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Child fitness 'crisis', a step towards a cure for the most common sleeping sickness and Darcey Bussell's tips for confidence

A round up of the morning’s health headlines on Thursday 22nd August

The I’s front page story today is a study which found that half of all seven-year-olds in the UK are not getting enough exercise, and remain inactive for between six and seven hours every day. So much for the Olympic effect.

Published in the BMJ Open, researchers found a ‘striking’ gender gap, with girls far less active than boys. Only four in 10 girls achieved minimum recommended activity levels of an hour or more a day, compared with 63% of boys.

John Steele, the chief executive of the Youth Sport Trust, said the findings were ‘concerning’.

‘If young people enjoy taking part in physical activity early on they will go on to lead active, healthy lifestyles, but if they have a bad experience, particularly at school, they could be put off for life’ he said.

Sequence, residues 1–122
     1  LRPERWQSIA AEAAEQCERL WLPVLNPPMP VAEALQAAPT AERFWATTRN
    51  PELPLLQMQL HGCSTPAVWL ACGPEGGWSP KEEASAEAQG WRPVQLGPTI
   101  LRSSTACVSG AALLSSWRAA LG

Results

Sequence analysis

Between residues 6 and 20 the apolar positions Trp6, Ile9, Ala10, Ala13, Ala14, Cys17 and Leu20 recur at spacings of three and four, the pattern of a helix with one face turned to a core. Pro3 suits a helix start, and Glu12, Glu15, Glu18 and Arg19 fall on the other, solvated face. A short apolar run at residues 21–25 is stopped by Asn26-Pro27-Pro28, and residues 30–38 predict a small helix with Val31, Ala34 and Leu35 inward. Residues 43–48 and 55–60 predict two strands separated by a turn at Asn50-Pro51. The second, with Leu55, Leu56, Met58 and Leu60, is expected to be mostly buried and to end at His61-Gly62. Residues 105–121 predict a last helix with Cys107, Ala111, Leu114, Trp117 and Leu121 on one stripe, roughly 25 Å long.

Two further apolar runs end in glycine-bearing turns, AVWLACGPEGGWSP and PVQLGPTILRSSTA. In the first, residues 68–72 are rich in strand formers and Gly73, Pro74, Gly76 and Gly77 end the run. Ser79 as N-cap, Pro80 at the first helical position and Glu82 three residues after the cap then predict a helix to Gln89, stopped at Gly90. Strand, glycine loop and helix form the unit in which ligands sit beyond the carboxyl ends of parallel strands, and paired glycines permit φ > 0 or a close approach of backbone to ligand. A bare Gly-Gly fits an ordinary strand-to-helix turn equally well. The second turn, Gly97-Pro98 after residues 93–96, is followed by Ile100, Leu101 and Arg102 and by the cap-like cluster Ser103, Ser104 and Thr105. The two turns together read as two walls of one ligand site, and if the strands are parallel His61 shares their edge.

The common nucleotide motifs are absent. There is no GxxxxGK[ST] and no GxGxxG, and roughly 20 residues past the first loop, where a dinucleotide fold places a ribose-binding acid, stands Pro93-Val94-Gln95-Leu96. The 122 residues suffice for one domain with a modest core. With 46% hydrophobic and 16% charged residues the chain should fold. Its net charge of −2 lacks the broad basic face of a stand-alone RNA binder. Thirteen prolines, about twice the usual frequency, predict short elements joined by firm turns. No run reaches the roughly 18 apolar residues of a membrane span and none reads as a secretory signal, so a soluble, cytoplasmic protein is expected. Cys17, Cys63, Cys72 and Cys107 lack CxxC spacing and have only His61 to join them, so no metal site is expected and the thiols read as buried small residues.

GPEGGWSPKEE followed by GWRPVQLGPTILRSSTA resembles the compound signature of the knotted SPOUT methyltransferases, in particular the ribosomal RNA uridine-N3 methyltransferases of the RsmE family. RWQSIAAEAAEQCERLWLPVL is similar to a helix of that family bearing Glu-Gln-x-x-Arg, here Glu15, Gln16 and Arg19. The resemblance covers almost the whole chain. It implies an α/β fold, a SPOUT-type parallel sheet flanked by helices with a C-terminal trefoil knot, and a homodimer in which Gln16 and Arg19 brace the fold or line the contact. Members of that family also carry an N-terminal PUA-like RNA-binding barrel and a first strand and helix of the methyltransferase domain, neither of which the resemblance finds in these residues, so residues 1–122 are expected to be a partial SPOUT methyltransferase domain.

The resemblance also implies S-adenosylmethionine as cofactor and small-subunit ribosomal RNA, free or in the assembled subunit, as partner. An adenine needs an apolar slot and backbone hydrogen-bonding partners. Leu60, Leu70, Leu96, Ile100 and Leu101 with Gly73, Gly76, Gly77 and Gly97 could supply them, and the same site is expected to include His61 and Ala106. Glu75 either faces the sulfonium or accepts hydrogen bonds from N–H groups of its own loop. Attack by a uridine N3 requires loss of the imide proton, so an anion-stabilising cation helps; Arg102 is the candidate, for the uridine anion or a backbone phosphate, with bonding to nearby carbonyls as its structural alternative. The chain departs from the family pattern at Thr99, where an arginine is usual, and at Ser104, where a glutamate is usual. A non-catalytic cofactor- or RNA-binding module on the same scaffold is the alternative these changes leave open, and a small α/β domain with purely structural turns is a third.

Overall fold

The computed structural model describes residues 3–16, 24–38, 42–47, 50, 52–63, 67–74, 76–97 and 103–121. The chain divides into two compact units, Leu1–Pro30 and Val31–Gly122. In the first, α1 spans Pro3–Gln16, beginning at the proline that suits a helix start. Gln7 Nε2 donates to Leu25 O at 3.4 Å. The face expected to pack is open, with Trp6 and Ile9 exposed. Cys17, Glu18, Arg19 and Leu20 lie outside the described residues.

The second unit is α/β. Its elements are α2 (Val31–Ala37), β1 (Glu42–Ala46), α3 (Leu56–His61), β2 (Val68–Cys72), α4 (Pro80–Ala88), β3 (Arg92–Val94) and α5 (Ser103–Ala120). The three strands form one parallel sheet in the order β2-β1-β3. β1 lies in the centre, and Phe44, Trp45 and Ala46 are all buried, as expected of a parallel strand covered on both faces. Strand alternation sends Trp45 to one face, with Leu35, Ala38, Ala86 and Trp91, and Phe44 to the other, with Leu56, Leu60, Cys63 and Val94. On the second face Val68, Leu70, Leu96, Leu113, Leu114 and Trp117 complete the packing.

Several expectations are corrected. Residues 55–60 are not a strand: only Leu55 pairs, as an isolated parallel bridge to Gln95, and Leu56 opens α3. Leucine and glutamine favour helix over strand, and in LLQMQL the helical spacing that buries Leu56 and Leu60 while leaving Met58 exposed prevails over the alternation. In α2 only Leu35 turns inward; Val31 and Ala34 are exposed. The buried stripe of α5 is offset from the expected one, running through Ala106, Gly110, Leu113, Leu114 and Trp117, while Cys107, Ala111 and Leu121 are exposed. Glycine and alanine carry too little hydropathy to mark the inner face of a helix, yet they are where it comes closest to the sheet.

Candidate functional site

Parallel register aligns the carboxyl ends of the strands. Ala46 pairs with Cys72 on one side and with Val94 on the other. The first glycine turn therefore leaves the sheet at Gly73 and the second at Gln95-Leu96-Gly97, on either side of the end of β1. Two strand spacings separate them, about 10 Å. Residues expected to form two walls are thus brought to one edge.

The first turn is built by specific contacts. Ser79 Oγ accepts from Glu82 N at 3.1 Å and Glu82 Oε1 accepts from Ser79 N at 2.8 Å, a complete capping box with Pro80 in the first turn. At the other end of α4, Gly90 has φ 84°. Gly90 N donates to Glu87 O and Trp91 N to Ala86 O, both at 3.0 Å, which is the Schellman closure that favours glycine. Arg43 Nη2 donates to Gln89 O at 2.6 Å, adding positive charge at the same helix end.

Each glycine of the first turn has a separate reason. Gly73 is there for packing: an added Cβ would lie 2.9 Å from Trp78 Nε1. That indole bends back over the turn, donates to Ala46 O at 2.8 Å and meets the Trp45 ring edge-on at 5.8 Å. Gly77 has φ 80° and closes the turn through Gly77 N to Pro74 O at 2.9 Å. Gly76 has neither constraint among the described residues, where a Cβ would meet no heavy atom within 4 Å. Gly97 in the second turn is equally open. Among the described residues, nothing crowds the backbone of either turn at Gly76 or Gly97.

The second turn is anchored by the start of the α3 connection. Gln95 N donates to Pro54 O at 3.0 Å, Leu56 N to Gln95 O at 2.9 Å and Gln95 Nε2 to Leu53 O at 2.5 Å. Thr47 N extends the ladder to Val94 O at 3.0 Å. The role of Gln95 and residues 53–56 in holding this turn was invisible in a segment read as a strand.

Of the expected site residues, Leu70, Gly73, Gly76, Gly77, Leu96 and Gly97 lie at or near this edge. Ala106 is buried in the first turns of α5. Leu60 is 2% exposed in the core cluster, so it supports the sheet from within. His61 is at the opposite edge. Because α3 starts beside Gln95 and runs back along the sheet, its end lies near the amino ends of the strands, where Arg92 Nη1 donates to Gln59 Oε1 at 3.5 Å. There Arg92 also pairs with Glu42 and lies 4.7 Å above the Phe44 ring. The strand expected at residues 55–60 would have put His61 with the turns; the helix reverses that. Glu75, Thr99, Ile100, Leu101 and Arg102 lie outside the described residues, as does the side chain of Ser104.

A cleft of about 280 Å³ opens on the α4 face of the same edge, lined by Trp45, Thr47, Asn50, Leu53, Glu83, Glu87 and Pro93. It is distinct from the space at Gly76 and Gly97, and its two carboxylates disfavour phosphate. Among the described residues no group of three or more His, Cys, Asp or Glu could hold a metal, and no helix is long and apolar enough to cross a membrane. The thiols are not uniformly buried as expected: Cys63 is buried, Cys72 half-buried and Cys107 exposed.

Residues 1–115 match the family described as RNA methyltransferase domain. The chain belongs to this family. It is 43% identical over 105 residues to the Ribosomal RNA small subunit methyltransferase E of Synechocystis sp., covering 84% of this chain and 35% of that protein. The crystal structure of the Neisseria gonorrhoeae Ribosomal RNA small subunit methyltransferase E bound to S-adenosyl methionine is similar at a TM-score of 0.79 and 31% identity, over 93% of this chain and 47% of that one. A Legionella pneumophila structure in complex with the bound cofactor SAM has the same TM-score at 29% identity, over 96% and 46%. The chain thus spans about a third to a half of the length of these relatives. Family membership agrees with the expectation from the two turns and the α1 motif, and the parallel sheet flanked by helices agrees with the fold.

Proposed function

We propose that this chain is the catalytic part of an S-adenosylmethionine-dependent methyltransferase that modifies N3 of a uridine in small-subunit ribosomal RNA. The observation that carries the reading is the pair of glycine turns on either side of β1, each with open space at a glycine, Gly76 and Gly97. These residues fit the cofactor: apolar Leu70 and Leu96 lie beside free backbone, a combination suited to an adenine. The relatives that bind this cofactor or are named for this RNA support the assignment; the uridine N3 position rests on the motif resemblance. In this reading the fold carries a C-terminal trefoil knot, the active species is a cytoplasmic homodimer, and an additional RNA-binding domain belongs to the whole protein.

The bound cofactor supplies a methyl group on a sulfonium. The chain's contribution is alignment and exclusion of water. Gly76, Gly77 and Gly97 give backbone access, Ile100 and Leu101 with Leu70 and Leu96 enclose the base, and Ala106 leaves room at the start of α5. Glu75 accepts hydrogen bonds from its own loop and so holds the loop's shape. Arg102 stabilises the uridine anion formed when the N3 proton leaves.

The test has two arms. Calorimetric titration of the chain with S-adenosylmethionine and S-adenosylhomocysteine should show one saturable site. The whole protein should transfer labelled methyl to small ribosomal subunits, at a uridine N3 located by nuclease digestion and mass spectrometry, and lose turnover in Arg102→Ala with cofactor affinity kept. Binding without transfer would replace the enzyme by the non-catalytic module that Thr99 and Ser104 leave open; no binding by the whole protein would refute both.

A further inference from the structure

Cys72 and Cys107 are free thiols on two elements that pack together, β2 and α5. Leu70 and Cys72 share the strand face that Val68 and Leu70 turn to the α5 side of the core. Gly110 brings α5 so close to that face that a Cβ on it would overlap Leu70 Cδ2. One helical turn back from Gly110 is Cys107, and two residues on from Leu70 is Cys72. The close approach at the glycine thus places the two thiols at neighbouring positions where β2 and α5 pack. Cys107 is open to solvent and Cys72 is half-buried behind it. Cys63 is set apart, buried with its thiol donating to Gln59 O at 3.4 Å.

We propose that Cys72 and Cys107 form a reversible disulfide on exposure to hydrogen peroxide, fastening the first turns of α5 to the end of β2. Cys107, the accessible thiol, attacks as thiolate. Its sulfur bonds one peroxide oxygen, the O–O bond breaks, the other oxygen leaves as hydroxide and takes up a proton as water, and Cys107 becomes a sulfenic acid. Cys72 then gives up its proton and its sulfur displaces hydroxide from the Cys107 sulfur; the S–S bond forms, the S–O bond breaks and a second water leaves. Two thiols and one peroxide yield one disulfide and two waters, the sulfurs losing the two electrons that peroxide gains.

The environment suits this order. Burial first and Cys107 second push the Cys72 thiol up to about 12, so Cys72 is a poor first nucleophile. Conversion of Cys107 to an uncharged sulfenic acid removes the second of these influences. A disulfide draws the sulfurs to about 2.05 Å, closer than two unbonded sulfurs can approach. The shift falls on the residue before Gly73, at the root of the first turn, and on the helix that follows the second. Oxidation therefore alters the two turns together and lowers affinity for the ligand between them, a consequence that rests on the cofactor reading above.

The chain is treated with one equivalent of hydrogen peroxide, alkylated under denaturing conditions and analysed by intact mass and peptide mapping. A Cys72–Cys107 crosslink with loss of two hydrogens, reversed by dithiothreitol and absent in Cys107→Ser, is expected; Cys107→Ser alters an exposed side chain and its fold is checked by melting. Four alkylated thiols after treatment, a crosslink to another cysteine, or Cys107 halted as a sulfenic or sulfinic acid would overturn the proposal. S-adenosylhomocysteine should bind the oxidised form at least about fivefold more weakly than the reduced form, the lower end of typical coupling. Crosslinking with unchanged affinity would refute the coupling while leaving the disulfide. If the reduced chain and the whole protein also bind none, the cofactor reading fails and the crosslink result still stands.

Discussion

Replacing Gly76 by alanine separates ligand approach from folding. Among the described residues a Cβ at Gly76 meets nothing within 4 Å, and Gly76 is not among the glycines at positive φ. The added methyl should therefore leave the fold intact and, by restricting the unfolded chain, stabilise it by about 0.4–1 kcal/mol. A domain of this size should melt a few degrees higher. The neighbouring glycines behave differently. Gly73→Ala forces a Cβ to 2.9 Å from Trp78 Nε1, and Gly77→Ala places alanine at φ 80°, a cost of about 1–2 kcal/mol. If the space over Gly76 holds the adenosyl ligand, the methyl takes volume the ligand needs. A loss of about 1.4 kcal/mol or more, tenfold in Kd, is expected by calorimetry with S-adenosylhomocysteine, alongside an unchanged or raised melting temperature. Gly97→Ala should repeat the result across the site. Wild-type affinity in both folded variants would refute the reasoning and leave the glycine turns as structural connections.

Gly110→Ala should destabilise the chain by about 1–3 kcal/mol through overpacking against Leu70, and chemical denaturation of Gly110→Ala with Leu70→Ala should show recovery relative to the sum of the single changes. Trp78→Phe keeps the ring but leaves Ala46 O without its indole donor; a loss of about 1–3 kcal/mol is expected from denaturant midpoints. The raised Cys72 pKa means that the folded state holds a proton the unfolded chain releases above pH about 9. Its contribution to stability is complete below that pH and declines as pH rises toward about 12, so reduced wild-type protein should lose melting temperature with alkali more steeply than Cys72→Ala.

The BBC reports that scientists have taken a tentative step towards creating a cure for the most common form of sleeping sickness.

The gambiense strain of the trypanosome parasite is the leading cause of sleeping sickness, causing 97% of sleeping sickness in western and central Africa.

Belgian researchers have developed a mutant form of the gambiense strain of the trypanosome parasite which early tests show can kill a wide range of trypanosomes, including gambinese.

Lead author Prof Etienne Pays called the research ‘promising’.

The Telegraph brings us the news that women are happiest with their naked bodies at the age of 34.

Thirty-somethings have typically settled into a long-term relationship, which boosts their self-confidence and they have often learned which diet and exercise regimes produces the best results, experts said.

Former prima ballerina and Strictly Come Dancing judge Darcey Bussell said for her, confidence was all about ‘being healthy, strong and happy in my own skin’. Aww.

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